6.  The short-term approach of providing military equipment or assistance to strategically important states ignores the long-term implications of arming countries in a region susceptible to change. Whilst the supply of military equipment may be a useful tool for building coalitions, there are a number of examples from the recent past where arming states with undemocratic or unstable regimes to fight for a common cause has had serious repercussions.

    —  During the 1970s and 1980s the US offered military equipment and assistance to Shah Mohammad Reza Pahlevi in Iran, only for a popular uprising to bring an Islamic fundamentalist government to power with a fleet of F-16 fighter jets and other weaponry available to them, courtesy of previous US support.

    —  Britain and its allies played a part in substantially increasing Iraq's military capability through the 1980s in their conflict with Iran, only for those same exports to be turned against allied forces during the Gulf War.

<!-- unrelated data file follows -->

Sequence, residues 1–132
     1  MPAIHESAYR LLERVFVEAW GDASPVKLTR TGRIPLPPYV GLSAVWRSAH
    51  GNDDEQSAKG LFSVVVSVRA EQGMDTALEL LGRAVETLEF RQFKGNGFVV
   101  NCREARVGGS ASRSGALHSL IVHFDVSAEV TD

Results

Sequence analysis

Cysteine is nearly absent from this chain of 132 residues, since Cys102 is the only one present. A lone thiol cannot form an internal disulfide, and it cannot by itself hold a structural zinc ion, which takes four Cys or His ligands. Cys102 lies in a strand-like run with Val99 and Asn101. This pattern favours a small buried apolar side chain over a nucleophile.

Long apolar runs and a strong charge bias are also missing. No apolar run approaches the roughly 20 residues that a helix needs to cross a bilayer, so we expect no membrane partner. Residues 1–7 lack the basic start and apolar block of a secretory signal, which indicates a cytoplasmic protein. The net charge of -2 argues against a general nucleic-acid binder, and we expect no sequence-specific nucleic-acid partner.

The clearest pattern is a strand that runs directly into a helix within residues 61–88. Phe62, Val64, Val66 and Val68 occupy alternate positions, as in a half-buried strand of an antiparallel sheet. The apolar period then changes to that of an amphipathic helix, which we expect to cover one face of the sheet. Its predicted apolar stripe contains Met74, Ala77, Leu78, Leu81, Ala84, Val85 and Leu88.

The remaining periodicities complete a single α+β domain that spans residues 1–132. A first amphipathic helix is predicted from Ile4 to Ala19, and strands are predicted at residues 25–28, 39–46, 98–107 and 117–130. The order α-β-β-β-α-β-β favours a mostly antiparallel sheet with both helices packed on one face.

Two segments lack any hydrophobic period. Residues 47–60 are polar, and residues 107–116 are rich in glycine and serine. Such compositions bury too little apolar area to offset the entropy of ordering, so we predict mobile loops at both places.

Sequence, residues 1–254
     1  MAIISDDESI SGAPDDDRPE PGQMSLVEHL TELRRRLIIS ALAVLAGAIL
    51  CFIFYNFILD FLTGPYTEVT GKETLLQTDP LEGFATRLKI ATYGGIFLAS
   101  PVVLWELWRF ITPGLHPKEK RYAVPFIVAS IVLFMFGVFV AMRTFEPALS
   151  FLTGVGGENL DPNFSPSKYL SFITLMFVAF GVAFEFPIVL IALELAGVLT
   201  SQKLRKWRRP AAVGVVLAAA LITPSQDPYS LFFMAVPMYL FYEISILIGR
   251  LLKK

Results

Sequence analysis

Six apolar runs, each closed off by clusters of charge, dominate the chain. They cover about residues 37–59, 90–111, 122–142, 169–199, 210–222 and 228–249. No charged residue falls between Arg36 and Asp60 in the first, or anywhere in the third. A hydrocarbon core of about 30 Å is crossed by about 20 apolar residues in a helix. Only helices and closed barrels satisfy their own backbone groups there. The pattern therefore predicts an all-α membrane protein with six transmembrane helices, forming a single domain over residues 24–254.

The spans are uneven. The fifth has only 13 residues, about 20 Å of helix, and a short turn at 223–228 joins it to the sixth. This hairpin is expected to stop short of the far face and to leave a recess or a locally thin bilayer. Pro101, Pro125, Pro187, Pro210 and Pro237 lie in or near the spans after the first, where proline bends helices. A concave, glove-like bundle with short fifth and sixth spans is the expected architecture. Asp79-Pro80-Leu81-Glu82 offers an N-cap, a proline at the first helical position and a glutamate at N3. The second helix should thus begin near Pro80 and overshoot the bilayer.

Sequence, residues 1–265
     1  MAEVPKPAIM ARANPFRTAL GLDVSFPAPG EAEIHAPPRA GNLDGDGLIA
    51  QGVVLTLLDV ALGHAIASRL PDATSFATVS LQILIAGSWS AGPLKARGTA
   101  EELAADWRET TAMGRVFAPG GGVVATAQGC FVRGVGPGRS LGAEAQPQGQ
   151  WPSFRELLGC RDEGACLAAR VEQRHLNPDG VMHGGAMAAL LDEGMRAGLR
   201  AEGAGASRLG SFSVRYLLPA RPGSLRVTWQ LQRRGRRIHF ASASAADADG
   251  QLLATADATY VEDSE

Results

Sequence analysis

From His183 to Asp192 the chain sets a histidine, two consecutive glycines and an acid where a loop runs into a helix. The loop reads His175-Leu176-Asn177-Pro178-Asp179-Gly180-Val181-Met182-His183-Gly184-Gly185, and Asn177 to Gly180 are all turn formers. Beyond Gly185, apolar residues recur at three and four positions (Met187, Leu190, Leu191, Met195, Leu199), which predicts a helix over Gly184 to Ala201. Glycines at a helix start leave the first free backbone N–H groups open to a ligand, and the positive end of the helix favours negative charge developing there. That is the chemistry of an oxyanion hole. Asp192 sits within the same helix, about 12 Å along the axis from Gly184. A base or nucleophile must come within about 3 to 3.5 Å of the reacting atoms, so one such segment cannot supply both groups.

—  When the US intervened in Somalia in 1992, they faced American-made M-16 rifles, machine guns, howitzers, armored personnel carriers, and anti-tank missiles, part of the US154 million worth of weapons earlier supplied to Somalia by the US Government[24].

    —  In Afghanistan, the US supplied Afghan guerrillas with a substantial number of Stinger anti-aircraft weapons in 1986. Following the Soviet retreat in 1989, the US tried to buy back the Stingers, but with limited success. The Taliban are now in possession of these US manufactured weapons, ready to use them against the country that initially supplied them. Similarly, Barrett M82A1 sniper rifles, used by US marines in the Gulf War to attack Iraqi armoured vehicles, are in the hands of the A1 Qaeda network.

Export policy in the UK

  7.  UK export control policy is based on compliance with the eight criteria of the EU Code of Conduct on Arms Exports, and works is ongoing through the EU Council to improve the implementation of the EU Code. The UK Export Control Bill, which is currently going through Parliament, will establish in law a number of Purposes of export controls which are broadly consistent with the EU Code criteria (with the exception of the exclusion of sustainable development from the Bill). Both instruments reflect an increasing international understanding that arms transfers should be governed by the consistent application of certain principles, for example that arms exports should not be permitted where there is a risk that they may be used to abuse human rights, to undermine international stability or to facilitate acts of terrorism.